Manama - Financial markets with a significant Islamic finance sector are recovering faster at 5% growth compared with the global average of 3.5%, stated a new report produced in
collaboration with global management consultancy McKinsey & Company.
Despite Islamic banking assets growing at an average of 12% from 2008 to 2009, the profitabilityof Islamic banks in these markets has declined.
The authors recommend that Islamic
banks need to significantly improve operational performance and capture new pockets of growth to satisfy markets expectations.
The Islamic finance sector in the Gulf Co-operation Council (GCC) countries as well as key Islamic finance markets such as Malaysia have been able to stage a stronger recovery partly due to relatively stronger government support, the authors added.
There is widespread consensus on the sustainability of the recovery of GCC, comprising of Bahrain, Kuwait, Oman, Qatar, Saudi Arabia and the United Arab Emirates.
However, with due to the fragility and interdependency of the global recovery, this outlook may dampen, the authors added.
While Islamic banking asset growth declined in 2009 to 15% (compared to about 40% from 2005 to 2007 and about 27% in 2008), the sector still grew significantly faster than the share of overall banking assets which stayed flat, and nominal GDP which declined
As a result, the market share of Islamic assets as a share of overall banking assets continues to increase, the authors added.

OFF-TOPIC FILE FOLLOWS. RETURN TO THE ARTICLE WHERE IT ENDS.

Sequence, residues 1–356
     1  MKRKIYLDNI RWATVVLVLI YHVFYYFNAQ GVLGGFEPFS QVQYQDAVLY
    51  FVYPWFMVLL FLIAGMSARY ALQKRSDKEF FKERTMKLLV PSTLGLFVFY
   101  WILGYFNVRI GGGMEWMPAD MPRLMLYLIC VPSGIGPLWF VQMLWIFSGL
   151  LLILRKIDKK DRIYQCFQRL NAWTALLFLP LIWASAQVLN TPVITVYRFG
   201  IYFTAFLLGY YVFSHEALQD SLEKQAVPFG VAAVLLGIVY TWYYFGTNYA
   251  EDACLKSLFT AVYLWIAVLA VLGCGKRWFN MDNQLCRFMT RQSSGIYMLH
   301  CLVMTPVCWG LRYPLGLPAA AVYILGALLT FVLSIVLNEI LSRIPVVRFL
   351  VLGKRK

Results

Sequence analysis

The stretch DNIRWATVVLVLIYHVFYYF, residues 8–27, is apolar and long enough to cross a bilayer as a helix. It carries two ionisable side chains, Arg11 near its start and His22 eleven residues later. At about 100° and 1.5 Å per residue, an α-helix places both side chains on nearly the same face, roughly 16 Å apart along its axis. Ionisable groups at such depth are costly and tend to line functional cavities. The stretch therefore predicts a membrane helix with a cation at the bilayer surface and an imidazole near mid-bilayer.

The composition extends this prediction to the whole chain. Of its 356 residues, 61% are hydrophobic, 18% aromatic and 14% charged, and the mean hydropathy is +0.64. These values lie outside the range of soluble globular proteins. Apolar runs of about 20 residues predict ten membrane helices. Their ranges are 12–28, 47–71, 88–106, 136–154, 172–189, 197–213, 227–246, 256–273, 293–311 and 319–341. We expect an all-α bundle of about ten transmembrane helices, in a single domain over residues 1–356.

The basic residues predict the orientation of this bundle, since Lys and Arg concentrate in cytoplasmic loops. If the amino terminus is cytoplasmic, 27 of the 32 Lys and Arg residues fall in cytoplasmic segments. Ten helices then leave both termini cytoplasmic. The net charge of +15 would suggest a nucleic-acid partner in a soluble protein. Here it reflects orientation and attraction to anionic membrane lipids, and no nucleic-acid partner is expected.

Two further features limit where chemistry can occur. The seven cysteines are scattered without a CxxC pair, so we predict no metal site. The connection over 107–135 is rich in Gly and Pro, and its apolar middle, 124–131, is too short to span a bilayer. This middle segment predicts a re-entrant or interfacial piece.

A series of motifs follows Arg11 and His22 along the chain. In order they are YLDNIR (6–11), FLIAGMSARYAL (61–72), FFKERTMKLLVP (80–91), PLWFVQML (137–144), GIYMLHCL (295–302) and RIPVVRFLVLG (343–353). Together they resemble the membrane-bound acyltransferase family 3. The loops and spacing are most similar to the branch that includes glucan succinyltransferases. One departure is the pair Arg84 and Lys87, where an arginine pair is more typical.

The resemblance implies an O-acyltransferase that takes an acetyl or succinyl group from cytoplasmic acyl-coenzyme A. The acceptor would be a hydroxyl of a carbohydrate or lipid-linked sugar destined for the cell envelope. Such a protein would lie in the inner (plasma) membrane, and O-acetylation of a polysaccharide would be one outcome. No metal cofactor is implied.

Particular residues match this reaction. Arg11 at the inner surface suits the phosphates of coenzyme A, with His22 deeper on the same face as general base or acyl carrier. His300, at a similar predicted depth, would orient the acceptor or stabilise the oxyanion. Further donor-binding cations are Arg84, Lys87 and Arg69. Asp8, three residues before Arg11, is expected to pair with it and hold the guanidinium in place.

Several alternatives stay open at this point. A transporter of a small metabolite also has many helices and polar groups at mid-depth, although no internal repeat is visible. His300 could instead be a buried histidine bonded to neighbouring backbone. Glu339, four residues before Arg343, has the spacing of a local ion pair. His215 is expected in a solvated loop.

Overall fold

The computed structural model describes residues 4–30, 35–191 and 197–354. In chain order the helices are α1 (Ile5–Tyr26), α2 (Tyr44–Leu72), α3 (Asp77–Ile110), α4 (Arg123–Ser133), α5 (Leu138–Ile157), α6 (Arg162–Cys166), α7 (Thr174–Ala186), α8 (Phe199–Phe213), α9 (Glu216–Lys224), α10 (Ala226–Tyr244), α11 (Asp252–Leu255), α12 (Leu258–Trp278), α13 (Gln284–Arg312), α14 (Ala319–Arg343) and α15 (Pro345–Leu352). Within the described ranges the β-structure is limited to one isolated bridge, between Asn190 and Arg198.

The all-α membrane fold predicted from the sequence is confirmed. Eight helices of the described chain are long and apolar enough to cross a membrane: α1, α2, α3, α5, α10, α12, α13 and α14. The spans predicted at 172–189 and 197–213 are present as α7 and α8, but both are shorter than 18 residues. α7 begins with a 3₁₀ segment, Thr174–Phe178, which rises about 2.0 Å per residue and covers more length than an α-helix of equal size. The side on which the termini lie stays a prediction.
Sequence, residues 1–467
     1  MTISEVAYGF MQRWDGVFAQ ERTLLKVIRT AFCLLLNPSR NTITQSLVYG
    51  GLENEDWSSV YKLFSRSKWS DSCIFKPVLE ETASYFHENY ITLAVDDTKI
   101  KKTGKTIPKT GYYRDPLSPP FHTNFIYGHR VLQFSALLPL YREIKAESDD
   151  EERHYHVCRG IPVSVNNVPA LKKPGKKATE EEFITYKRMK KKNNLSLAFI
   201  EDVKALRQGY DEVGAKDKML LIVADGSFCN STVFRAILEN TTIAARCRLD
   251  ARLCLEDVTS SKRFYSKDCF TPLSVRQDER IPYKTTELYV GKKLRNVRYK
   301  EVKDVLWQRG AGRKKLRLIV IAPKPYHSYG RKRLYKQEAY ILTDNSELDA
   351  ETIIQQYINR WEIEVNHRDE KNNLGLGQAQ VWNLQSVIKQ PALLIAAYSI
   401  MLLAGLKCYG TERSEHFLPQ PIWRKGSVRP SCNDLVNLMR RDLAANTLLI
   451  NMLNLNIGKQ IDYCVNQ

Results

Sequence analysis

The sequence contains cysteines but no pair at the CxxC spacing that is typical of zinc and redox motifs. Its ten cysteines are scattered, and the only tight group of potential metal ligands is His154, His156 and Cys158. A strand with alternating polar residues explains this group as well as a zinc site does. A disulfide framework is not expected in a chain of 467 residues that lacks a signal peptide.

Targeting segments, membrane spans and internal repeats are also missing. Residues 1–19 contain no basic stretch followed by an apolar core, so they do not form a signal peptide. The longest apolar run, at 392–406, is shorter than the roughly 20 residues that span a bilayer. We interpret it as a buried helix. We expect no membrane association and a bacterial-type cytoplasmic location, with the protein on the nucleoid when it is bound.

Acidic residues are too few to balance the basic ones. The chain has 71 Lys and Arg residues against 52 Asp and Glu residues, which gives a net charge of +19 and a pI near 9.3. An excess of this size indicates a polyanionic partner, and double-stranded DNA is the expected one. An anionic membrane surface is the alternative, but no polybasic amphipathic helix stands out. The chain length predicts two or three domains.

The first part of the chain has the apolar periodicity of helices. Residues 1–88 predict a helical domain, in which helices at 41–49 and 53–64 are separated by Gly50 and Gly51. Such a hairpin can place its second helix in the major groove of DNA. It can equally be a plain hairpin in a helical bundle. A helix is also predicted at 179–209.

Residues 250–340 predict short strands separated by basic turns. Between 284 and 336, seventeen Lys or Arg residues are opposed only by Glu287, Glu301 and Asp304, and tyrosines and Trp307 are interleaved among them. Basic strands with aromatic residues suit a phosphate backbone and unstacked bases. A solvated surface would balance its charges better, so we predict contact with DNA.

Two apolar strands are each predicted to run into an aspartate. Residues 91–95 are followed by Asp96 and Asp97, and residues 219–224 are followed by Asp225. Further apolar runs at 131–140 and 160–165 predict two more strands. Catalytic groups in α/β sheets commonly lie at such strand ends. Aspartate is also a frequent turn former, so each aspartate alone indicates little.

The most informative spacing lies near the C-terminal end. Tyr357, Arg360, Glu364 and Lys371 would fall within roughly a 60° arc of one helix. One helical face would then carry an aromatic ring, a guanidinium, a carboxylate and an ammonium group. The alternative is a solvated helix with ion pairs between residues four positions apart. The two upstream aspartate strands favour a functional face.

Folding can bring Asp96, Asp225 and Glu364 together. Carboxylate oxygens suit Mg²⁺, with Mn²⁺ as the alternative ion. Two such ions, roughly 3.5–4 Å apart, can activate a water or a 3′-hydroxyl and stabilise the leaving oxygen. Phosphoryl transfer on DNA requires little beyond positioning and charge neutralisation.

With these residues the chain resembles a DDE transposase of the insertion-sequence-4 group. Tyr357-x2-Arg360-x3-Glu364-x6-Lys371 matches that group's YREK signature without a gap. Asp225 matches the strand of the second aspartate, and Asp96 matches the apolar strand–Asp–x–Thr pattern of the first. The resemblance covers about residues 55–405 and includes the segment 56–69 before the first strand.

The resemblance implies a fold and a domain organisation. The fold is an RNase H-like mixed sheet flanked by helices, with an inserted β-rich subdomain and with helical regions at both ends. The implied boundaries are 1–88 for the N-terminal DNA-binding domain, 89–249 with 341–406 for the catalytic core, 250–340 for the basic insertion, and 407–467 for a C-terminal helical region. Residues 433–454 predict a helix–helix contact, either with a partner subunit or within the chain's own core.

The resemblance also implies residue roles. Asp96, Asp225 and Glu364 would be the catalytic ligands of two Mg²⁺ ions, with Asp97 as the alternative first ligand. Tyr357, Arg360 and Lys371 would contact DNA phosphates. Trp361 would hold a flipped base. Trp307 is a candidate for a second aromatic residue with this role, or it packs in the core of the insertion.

However the same was not true for profitability of Islamic banks. While profitability of all banks declined, the fall has been steeper for Islamic banks, largely due to higher provisions and lower investment income, the authors said.
The profitability of Islamic banks in some key markets dipped for the first time below that of conventional banks, as banks have not been able to command sufficient pricing premiums or access to low cost funding to cover their higher expenses.
In order to meet current market expectations, Islamic banks will have to improve operational performance by learning from conventional banks and capture new pockets of growth, the authors stated.
Most Islamic banks lag behind conventional banks on nonperforming
loans (NPLs), investment write-offs and operational costs.
In fact, from operational improvements alone excluding any additional growth, there is up to USD 15 billion of additional net profits available for Islamic banks.
Further profits maybe captured through growth opportunities in market segments or products underpenetrated
by Islamic banks including affluent banking, wholesale finance and emerging
Other key findings from the report
• Islamic banking assets globally grew at a rate of 12% from 2008-2009.
• Key countries where Islamic Finance has captured meaningful share are estimated for real GDP growth of 5.2 percent and GCC countries at 5.7% in 2010, outperforming the rest of the world at 3.8 percent.
• Between 2003 and 2009, compound annual growth rates in Islamic banking assets in Qatar have been 50%, in Kuwait 23%, in the UAE 38%, in Malaysia 23%, in Indonesia 43% and in Turkey 42%.
• However, profitability in almost all key Islamic finance markets has declined between 2009 and 2008, falling by 49.8 % in the UAE, 16.2% in Saudi Arabia, 88.9% in Kuwait, 39.7% in Qatar, 33.3% in Malaysia and 73.3% in Indonesia.
• One potential scenario for the sector shows Islamic banks could double profits over the next 5 years my making operational improvements and seeking new growth opportunities.
• Islamic banks should explore to capture opportunities in underpenetrated segments and product including affluent customers and wholesale banking• Islamic banks can explore opportunities to expand internationally, which will allow
them to increase scale and diversify their asset bases.